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Eating in the dining hall is not always convenient. Aside from the probability that the food is unappealing, the college mess tent is also not accessible 24/7 – and neither are the local eateries, for that matter. Now is the time to practice the art of dorm-room cooking/food preparation. Since your locale limits your options, you won’t be preparing gourmet meals. You will, however, need two major appliances: a small microwave and a mini-refrigerator, which are the only appliances the campus powers-that-be normally allow dormitory dwellers to house. Arrange with your roommate beforehand who will bring what appliance, and ask your college’s office of student life to check if appliances are for rent. So, here are some ingredients for dorm-room cooking success.

  • Soup
    Keep it simple. Opt for canned soup over brewing your own stock. Remove the lid with a handheld can opener, pour contents into a bowl, and nuke according to the label’s instructions.
    Nutri-tip: Choose brands with fewer than 400 mg of sodium per serving.
  • Bean Burrito
    You’ll find these in the campus mart’s frozen food section. Heat burrito according to the package’s directions.
    Nutri-tip: It might taste like junk food, but with all the protein it packs, a burrito is basically a healthy meal.
  • Microwaveable Veggie Burgers
    You can find these healthy yet palatable patties with the frozen foods. Follow the heating suggestions on the box. Place the burger on a bun. (Do not nuke the bun!) Add your favorite beef burger toppings.
    Nutri-tip: These faux burgers are full of real nutrients, including peppers, zucchini, and lentils.
  • Ragu Express
    Akin to Kraft Easy Mac and Cheese, this spiral-pasta-and-tomato-sauce concoction requires only water, a bowl, and a microwave. It takes about three minutes to prepare. And you can choose from three flavors.
    Nutri-tip: Each serving only has 200 calories and 2.5 grams of fat!
  • Frozen Dinners
    These can be expensive, but frozen meals quickly satiate your hunger and offer the most variety.
    Nutri-tip: Choose healthy meals, not the ones with enough sodium and fat to give a lumberjack high blood pressure and a heart attack.
  • Teriyaki Vegetable Stir-Fry
    Empty frozen stir-fry vegetables into a bowl. Cook on high for about four minutes. Stir in teriyaki sauce. Cook on high for 30 seconds.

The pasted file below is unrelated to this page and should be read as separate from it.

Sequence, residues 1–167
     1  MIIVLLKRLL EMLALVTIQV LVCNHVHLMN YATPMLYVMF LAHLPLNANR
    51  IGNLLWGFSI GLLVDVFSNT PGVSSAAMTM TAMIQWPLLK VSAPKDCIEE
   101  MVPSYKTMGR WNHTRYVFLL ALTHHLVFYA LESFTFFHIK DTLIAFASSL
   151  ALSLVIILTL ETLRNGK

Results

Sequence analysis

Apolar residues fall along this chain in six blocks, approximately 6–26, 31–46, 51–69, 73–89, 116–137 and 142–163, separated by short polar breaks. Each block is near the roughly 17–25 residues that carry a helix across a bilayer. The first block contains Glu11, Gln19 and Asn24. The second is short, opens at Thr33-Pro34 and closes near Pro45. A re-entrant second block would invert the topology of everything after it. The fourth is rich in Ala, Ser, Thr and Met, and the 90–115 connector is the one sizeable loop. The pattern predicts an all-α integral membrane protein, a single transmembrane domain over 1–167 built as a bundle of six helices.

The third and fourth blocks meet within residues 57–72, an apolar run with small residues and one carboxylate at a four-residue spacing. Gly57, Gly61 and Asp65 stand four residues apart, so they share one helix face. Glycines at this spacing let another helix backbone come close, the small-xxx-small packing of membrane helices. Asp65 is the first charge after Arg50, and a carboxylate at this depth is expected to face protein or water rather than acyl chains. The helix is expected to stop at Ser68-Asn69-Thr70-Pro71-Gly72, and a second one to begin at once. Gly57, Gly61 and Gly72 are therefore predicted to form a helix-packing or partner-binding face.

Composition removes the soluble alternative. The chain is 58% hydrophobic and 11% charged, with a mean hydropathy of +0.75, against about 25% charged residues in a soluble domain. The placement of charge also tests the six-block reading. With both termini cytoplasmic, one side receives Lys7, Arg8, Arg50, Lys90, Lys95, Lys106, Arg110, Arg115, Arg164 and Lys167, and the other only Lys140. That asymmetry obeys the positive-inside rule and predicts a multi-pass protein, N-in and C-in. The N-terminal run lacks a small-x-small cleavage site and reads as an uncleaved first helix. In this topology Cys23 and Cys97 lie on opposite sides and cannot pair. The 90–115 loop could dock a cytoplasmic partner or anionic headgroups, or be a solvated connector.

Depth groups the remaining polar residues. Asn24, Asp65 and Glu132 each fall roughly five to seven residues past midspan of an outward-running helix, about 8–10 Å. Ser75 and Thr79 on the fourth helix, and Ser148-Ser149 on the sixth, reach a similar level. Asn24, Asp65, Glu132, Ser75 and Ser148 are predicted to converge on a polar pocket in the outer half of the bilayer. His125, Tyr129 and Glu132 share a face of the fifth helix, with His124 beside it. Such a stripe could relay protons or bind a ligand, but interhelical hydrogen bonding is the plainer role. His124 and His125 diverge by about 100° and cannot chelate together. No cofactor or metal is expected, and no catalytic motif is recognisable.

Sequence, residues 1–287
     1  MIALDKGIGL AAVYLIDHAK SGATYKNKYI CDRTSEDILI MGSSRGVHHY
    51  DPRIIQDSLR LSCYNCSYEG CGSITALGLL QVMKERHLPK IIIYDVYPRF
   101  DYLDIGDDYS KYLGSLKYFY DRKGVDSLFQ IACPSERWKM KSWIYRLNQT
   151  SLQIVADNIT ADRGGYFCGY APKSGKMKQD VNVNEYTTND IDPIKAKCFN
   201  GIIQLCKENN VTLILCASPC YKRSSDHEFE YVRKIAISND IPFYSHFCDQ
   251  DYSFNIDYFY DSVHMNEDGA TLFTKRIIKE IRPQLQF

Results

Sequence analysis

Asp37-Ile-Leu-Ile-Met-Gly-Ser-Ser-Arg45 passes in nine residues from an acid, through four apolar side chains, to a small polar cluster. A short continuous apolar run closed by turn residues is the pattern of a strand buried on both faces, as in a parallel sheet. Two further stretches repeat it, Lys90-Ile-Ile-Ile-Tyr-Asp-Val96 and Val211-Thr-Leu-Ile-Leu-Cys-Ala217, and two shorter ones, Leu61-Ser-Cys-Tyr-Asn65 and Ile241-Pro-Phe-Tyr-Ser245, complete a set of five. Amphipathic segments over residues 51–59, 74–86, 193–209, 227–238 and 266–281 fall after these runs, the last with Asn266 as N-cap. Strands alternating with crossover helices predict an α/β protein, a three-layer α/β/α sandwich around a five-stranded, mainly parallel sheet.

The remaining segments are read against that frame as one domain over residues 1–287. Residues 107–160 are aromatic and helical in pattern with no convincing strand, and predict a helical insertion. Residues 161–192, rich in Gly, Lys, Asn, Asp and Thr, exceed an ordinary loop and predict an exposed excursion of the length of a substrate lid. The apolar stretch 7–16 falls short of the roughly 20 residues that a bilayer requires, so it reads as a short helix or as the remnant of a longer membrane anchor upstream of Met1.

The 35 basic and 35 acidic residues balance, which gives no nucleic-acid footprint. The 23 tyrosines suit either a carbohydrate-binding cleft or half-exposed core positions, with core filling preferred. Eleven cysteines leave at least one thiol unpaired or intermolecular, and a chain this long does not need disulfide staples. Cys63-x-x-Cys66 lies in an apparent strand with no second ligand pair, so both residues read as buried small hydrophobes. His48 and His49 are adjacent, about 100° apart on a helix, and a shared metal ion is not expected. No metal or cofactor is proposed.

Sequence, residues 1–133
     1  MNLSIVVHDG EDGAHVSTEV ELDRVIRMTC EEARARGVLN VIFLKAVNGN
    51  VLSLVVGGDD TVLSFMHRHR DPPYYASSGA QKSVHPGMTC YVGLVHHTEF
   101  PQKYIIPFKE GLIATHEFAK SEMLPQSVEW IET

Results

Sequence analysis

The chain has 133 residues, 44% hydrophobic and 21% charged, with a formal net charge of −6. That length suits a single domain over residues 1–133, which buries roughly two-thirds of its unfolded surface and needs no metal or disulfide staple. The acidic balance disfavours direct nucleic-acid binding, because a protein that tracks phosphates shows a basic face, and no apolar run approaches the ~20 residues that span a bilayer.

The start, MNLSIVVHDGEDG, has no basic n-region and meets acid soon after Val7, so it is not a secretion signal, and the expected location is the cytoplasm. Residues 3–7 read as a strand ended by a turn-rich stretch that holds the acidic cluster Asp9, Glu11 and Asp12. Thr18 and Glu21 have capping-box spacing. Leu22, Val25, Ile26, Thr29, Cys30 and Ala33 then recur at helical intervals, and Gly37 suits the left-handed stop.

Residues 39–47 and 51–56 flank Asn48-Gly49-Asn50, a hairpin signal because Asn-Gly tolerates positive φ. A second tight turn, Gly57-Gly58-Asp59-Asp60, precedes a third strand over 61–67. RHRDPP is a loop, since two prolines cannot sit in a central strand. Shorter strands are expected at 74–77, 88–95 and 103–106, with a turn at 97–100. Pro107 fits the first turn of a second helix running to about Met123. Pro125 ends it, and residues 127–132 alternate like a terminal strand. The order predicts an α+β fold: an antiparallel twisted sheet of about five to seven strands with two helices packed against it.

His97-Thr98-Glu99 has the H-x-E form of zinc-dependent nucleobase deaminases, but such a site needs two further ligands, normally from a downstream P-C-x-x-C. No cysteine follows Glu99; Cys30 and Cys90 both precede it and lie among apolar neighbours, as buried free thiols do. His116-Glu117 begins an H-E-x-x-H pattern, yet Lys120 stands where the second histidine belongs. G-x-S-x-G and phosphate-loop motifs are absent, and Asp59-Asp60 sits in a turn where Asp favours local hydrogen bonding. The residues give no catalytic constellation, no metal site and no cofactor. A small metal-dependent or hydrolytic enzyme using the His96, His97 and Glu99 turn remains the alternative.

Nutri-tip: For a change, substitute any vegetable for the stir-fry veggies.
  • Tuna Sandwich
    Before you open the can of odorous fish, clear it with your roommate. Drain the water in a sink. Use a bowl to mix the tuna with a dollop of mayonnaise.
    Nutri-tip: For your heart’s sake, select whole-grain bread, reduced-fat mayonnaise, and water-packed tuna.
  • Egg Salad Sandwich
    Again, because of the pungent aroma, check with your roommate before cracking open a couple of hard-boiled eggs, which you can grab from the dining hall. Combine the eggs and a spoonful of mayonnaise in a bowl.
    Nutri-tip: Since they have only 15 calories and no fat, consider using just the egg whites.
  • Cereal
    If this requires instruction, you may want to reconsider going to college at this time.
    Nutri-tip: Reach for low-sugar brands. Sweeten naturally with fruit. Use skim or 1 percent milk.

CHECKLIST
Tools and Rules for Dorm-Room Cooking Tools

  • Refrigerator
  • Microwave
  • Microwave-safe dishes
    • Medium-sized bowl
    • Small bowl
    • Plate
  • Pot holder
  • Handheld can opener
  • Sturdy plastic utensils
  • Dish soap
  • Pot holder
  • Sponge
  • Dish towels
  • Paper towels
  • Cookbooks
    • The Healthy College Cookbook, by Alexandra Nimetz, Jason Stanley, Emeline Starr
    • The College Cookbook, by Geri Harrington, Constance Oxley (Editor)
    • A Man, a Can, a Plan, by David Joachim
    • Where’s Mom Now That I Need Her? Surviving Away From Home, by Kathryn J. Frandsen, Kent P. Frandsen, Betty Rae Frandsen

Rules

  • Buy some crates to store dry goods.
  • Be prepared by keeping your refrigerator stocked.
  • Put only microwave-safe dishes in the microwave. That means no metal or tin. Glass or Corningware is the wisest choice.
  • Always cover your food with wax paper or a paper towel before you microwave it to avoid splattering.
  • Use a pot holder when removing anything from the microwave.
  • Keep the bugs away.
    • Clean your dishes immediately after you finish eating.
    • Try to eat at your desk to avoid getting crumbs on the floor or in your bed.


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